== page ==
I have never tried aguardiente but I imagine any decent grape brandy would make a reasonable drink using the Pisco Sour recipe. It’s a classic sour, so really you can use any base spirit you like – just adjust the ratios to taste. Thanks for the egg white tips – I was careful to keep the yellow away, but will try whisking the white next time.

Pisco Sour
• 2 shots Pisco
• 1 shot lemon juice*
• ½ shot sugar syrup
• 1 egg white
• Shake all ingredients hard with ice for long enough to ensure the egg white is well mixed. Strain in to a cocktail glass and add a few dashes of Angostura Aromatic bitters to the frothy top of the drink.
• * You can also use limes for an equally pleasing drink – try both and see which you prefer.

The egg provides an amazing foamy head to the drink, which allows you to dash the bitters on the top. As well as looking good, this allows the wonderful aroma of Angostura to be the first taste that greats you as you bring the glass to your mouth.
I’ve only mixed up a few Pisco Sours so far, but I’ve yet to produce the large white head I’ve seen in some photos of the Pisco Sour. I’ve tried shaking the egg before adding the other ingredients, I’ve tried shaking it for ages and ages, but I still only get a small amount of froth. Any tips for getting the perfect Pisco Sour?

For a good Pisco Sour, consider using the liquid egg whites available at most grocery stores and shake with regular ice cubes (versus crushed ice) for at least ten seconds. The liquid eggs keep for a long time and are very convenient.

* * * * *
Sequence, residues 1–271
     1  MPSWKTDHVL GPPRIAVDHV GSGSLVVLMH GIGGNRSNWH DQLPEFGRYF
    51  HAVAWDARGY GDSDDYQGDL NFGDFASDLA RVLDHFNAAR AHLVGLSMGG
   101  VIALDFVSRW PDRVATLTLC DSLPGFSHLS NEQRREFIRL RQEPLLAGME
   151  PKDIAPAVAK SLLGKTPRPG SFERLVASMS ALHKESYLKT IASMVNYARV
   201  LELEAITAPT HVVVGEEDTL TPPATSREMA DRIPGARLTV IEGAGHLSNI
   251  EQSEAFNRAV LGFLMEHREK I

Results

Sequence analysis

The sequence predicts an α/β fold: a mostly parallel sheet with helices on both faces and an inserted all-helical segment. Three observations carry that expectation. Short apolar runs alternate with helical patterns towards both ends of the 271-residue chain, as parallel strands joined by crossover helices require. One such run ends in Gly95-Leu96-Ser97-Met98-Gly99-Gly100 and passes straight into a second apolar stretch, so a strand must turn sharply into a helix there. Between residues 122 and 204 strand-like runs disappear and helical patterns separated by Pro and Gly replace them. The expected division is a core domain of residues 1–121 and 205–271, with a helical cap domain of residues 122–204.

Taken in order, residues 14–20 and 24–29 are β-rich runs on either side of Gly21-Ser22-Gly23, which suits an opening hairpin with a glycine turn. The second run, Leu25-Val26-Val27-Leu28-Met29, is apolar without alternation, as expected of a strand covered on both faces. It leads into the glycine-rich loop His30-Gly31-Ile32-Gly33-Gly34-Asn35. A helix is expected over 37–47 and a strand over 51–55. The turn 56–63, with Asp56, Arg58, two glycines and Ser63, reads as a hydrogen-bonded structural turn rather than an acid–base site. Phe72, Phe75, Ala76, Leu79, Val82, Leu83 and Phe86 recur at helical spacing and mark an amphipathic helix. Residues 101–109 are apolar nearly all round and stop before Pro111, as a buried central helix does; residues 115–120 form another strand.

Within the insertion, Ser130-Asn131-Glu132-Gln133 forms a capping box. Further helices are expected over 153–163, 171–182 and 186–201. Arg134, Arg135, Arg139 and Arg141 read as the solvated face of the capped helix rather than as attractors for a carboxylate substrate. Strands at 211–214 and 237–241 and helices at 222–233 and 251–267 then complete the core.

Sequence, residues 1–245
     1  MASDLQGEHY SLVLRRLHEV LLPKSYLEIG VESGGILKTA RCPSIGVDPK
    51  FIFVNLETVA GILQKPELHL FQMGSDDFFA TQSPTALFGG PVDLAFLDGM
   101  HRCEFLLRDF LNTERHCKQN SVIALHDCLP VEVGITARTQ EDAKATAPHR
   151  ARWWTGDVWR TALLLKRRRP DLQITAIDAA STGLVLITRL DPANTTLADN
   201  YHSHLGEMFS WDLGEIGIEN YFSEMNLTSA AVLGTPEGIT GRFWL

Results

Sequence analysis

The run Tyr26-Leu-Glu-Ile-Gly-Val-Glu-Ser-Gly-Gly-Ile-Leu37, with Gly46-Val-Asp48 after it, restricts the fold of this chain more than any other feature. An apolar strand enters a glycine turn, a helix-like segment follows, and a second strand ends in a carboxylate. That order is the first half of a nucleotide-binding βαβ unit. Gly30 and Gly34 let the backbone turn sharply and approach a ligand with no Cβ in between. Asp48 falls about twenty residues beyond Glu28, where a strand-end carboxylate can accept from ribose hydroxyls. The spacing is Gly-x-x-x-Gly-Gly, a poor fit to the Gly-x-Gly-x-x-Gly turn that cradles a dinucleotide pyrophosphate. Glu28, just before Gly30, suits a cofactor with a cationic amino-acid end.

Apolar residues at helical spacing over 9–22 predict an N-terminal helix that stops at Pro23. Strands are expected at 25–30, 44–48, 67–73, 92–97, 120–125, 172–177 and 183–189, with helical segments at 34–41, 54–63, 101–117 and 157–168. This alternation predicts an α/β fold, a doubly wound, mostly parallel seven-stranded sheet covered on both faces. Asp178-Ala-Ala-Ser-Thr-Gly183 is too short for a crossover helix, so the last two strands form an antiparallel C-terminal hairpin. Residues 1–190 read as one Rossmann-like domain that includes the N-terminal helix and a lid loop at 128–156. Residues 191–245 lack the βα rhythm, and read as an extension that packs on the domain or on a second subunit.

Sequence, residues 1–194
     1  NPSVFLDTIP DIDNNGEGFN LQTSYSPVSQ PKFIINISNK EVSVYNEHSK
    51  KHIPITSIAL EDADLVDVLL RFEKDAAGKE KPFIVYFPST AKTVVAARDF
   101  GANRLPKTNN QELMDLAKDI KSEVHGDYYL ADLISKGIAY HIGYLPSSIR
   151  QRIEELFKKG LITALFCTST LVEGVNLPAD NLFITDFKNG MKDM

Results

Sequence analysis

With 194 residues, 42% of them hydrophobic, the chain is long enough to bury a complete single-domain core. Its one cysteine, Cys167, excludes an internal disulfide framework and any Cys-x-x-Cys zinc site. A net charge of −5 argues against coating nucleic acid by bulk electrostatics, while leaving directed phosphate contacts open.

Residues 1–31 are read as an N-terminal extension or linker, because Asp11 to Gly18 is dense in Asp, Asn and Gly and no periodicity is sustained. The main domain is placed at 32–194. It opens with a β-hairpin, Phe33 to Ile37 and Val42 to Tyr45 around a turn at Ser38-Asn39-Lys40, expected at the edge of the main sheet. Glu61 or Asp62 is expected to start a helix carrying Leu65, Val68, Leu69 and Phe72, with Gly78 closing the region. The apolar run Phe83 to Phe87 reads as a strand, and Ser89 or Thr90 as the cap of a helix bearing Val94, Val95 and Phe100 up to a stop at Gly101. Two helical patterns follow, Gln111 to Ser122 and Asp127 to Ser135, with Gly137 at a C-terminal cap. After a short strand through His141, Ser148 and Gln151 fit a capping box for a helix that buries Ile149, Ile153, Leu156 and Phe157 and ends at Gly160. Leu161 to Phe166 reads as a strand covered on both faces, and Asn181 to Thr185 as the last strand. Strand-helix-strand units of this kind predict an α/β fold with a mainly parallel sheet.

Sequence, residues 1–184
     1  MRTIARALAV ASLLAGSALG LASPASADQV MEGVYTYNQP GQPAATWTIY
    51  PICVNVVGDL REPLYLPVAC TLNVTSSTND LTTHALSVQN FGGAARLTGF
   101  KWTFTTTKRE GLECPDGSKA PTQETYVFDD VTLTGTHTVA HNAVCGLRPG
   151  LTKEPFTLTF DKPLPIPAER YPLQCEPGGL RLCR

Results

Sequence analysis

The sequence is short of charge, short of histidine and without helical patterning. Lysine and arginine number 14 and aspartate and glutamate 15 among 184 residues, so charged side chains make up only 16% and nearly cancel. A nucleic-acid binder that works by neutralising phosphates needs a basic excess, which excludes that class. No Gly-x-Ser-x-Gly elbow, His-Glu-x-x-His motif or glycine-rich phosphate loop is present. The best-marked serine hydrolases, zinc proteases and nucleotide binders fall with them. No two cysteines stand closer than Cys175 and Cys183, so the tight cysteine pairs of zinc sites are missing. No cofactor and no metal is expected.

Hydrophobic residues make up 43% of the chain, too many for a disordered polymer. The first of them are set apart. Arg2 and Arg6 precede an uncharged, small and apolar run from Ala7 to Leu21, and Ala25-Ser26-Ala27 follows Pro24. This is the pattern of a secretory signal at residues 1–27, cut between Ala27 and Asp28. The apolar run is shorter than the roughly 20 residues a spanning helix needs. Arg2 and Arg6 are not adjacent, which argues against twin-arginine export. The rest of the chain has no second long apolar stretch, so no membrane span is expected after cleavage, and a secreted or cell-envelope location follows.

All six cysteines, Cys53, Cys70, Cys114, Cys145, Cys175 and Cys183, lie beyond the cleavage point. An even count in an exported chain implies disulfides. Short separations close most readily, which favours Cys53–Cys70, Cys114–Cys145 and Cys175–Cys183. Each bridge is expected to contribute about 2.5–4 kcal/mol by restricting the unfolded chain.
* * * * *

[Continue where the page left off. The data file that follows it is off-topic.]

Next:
I use a recipe based on Toby Maloney’s (The Violet Hour, Chicago), and I think it’s one of the tastiest drinks I’ve made. The orange flower water is what makes the difference.


2 oz. Pisco
1 oz. Simply Syrup (50:50)
1 oz. Freshly Squeezed Lemon Juice
5 drops Fee Brothers Orange Bitters
2 drops Orange Flower Water
1 Egg White
1. Add first five ingredients to shaker.
2. Shake vigorously without ice to froth.
3. Add ice and shake very hard for 30 seconds.
4. Strain into cocktail glass.
5. Add a few drops of Angostura to the froth.
6. Make design with toothpick and serve.

Vodka Sour
You’ll need:
• 4-5 ice cubes
• 3 oz of vodka
• 1 oz of simple syrup
• An egg white
• 1 1/2 oz of lemon juice
• And a dash of Angostura Bitters
Toss your ice, vodka, syrup, and lemon juice into a cocktail shaker. To separate the yolk from the white, carefully crack your egg into two halves, and proceed to swap the yolk from one half of the egg shell into the other over a bowl. As you do so, the white will pour into the shaker, and you will be left with one egg yolk. If you break the yolk, simply scramble the whole mixture with some cheese and onions and start over; you do not want any yolk in your drink. Add your egg white, and shake until a frost forms on the side of your shaker. Pour into your glass, and add a few drops of bitters.